Rivalry in the labour movement

Trade union rivalry is not a new phenomenon. It appears, however, that it is fast becoming a problem that threatens to create tensions across the spectrum of the labour movement. The poaching of union members is said to be a growing concern as the contraction of economies has resulted in massive retrenchment, redundancies and layoff of workers.

It goes without saying that union membership has declined and the impact has been felt by both large and small trade unions. There is no doubt that the economic crisis which continues to plaque the world, has contributed to the financial woes of labour unions. It is interesting to note that unlike other commercial enterprises, trade unions have not gone under.

While they are challenged to meet their financial obligations, they maintain their operations through various fund raising efforts and other initiatives. The contraction in unionized membership ought to give added impetus to trade unions to treat union organizing far more seriously. Membership-based organizations can only survive if they have members, and so, with this in mind, individual trade unions are left with no other option than to pursue new members.

This requires that a dedicated action plan is devised. In the circumstances where a large percentage of the labour force is unorganized, there is more than an added incentive for labour unions to canvass this target group. With the changing demographic in the workforce, occasioned by the exit of persons who are retiring from active service, there is a strong case for trade unions to organize young workers.

One problem that besets many trade unions is that of competition among themselves in recruiting membership. The fact that some sectors have more than one trade union organization attempting to represent a particular interest group, can potentially give rise to a lasting problem of competition, as each strives to establish itself as the bargaining agent for the workers.

This is potentially dangerous, as it can lead to unnecessary tensions, and in some cases undermining. Often, a rival employer will seek to poach the talent from another employer so as to maximize the potential profit which can be made by his company. In some cases, this will be in relation to one high executive employee but in other circumstances it can result in whole teams being poached.

Using this as a guide, it is a reminder that trade union leaders, as human beings, are no less innocent and can be driven to act in a similar manner, as they move to
promote their own self interest. It can, however, be rather disgusting when one trade union organization openly and deliberately sets out to attract the membership of another member organization by whatever means it so desires to pursue.

It is unfortunate that one union would sit on the sidelines and wait for an opportunity to reach out to the membership of another, under the guise that they can be of more assistance. This is called seizing the moment. This moment presents itself when there appears to be some form of in-house dissatisfaction shown by the members, over the actions or decisions of their organization.

It is to be respected that individuals have the right of choice and, therefore, might feel the urge to fall to the temptation to move on to another organization. What becomes a matter of concern is how the competing organization goes about attracting or soliciting the membership of another. This brings into question the business ethic of the competing organization.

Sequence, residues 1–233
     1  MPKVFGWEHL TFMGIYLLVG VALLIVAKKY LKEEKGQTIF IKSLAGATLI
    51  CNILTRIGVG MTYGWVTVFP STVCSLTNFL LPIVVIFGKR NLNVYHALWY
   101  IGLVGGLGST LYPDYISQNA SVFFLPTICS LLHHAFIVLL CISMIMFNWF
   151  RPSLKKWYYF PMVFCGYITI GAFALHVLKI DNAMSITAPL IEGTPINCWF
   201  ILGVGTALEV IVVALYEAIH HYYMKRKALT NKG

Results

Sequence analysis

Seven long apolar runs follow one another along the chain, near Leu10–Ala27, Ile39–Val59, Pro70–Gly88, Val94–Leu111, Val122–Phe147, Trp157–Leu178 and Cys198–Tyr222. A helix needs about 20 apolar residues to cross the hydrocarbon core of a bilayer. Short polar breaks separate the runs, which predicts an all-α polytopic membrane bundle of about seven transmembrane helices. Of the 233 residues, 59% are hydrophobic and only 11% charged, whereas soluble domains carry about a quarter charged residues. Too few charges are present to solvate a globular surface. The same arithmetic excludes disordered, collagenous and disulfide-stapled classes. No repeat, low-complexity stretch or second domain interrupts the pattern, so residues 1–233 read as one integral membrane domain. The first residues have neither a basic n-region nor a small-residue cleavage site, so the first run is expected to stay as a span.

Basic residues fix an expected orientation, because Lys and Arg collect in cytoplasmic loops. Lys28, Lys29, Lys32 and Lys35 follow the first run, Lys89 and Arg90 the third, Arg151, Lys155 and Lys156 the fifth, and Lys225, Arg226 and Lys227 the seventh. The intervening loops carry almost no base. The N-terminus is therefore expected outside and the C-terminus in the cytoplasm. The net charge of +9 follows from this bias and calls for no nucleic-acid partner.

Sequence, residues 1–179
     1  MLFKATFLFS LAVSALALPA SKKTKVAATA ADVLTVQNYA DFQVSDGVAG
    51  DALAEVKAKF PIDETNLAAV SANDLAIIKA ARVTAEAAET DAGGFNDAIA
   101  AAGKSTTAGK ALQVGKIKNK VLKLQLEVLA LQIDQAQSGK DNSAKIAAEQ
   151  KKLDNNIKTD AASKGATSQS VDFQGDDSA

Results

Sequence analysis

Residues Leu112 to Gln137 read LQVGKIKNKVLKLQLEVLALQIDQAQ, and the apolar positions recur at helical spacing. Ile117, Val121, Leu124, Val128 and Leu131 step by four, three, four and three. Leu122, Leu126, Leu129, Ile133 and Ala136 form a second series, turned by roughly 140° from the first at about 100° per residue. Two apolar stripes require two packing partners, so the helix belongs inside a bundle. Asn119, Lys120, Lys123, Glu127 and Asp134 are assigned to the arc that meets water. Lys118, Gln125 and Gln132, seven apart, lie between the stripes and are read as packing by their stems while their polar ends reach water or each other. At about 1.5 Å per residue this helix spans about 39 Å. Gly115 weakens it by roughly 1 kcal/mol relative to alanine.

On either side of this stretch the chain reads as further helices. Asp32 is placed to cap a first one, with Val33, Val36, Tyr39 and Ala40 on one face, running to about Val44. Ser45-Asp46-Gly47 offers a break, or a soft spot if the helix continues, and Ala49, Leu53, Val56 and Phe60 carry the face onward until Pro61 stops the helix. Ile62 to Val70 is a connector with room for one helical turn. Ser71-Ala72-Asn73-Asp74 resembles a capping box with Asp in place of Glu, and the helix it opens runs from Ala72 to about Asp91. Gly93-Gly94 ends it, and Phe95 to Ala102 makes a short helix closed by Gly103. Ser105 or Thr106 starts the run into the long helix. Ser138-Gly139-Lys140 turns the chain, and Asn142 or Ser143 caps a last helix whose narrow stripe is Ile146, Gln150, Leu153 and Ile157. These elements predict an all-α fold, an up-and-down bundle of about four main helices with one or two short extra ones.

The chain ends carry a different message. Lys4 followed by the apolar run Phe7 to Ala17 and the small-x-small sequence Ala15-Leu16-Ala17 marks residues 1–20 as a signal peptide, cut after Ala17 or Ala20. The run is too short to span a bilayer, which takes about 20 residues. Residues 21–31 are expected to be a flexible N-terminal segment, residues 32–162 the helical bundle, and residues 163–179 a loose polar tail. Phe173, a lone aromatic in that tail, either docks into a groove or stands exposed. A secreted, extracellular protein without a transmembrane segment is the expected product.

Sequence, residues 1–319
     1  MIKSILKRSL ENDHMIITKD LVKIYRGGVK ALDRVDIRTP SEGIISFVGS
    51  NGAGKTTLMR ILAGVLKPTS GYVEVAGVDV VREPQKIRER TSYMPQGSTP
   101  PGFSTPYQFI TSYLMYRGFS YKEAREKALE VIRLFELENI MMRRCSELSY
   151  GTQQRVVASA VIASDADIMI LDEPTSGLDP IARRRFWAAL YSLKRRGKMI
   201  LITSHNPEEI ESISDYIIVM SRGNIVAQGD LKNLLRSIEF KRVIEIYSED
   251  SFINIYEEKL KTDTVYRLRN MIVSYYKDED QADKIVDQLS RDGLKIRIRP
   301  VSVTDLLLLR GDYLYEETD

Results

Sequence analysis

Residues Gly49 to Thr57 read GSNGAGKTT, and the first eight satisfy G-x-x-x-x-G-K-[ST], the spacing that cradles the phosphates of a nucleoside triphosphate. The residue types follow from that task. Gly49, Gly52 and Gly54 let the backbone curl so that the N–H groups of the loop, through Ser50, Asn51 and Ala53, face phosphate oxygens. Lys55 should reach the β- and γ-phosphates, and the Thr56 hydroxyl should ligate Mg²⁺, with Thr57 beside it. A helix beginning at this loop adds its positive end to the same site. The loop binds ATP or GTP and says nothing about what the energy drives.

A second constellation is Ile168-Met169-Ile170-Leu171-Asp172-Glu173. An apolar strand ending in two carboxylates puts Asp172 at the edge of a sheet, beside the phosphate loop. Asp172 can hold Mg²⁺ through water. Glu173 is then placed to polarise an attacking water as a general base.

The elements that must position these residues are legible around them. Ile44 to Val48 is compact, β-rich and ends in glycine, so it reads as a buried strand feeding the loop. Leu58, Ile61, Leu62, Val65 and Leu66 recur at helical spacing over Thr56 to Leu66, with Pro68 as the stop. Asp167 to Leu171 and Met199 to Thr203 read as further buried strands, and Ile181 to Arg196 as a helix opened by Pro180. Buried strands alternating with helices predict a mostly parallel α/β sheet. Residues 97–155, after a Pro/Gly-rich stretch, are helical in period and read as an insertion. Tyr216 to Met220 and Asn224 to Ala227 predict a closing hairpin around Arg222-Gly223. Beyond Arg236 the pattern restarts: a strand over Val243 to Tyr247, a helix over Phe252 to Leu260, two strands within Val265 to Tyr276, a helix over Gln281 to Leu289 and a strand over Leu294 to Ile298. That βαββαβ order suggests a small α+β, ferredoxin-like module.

It is important for those who are being solicited to take some time and consider the ethical behaviour and the credibility of the organization that attempts to win them over, all for the purpose of satisfying a membership need. It may be wise for members who are being influenced to remember that running away does not necessarily solve a problem, but patience and working together to find a solution, is what really matters.

Poaching is nothing short of an injustice and it may be added, as summed up in the words of the late Dr. Martin Luther King, who said, “Injustice anywhere is a threat to justice everywhere. We are caught in an inescapable network of mutuality, tied in a single garment of destiny. Whatever affects one directly, affects all indirectly.”

(Dennis De Peiza is a Labour Management Consultant with Regional Management Services Inc. Send your comments to: rmsinc@caribsurf.com)

4 Responses to Rivalry in the labour movement

  1. charles jordan February 11, 2017 at 2:05 pm

    What you described in academic terms is a situation where you have too many crabs in a bucket trying to get out They crawl on each other’s back and only one crab can get to the top. Please ask our unions colleagues to abandon competition and work together for the good of their members; unity strengthens, division weakens.

  2. jrsmith February 11, 2017 at 2:49 pm

    Playing right into the politicians hands….the decisive division they want to divide and rule bajans …

  3. J. G. February 11, 2017 at 10:36 pm

    The renumeration packages paid to the top brass of some of these unions is way out of step with the salaries earned by the majority of the membership, so when an individual percieves rightly or wrongly that their union is not doing enough to advance their individual causes that individual will either withdraw their membership or seek membership eslewhere. Union leaders need to be the be the servants of their members not their masters.

  4. Bill February 12, 2017 at 10:51 am

    Well said Dennis! Too many of our union leaders seem to be pursuing selfish or personal agendas which are not necessarily in the best interest of the members or the trade union movement. Members and potential members need to be vigilant to prevent themselves being used by those with selfish agendas.


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